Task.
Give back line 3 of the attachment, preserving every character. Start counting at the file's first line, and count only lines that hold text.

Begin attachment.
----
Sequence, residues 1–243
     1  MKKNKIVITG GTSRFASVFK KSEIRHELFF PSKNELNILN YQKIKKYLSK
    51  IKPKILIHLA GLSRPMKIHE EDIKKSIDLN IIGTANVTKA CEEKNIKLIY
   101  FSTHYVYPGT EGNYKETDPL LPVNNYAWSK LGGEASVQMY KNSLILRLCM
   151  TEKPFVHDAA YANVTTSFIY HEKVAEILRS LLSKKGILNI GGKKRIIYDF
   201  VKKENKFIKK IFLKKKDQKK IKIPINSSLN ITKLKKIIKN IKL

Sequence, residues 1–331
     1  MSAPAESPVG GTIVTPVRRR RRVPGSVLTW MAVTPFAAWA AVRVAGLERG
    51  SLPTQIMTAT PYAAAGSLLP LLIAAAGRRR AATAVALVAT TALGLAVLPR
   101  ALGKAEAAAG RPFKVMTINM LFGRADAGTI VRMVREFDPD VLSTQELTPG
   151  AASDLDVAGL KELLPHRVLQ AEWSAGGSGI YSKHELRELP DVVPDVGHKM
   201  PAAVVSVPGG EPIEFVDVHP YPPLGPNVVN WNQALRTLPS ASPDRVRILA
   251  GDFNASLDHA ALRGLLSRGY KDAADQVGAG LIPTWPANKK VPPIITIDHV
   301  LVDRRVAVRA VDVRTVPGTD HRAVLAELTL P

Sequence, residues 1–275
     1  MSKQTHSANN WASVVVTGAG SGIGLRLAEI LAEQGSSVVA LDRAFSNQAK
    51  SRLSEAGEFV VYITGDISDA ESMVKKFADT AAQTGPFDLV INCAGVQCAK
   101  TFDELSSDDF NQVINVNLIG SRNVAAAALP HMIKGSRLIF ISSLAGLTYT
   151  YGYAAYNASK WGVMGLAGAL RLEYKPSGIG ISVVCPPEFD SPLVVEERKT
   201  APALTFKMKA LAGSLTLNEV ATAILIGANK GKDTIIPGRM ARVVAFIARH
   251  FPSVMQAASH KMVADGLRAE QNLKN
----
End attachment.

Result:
    51  IKPKILIHLA GLSRPMKIHE EDIKKSIDLN IIGTANVTKA CEEKNIKLIY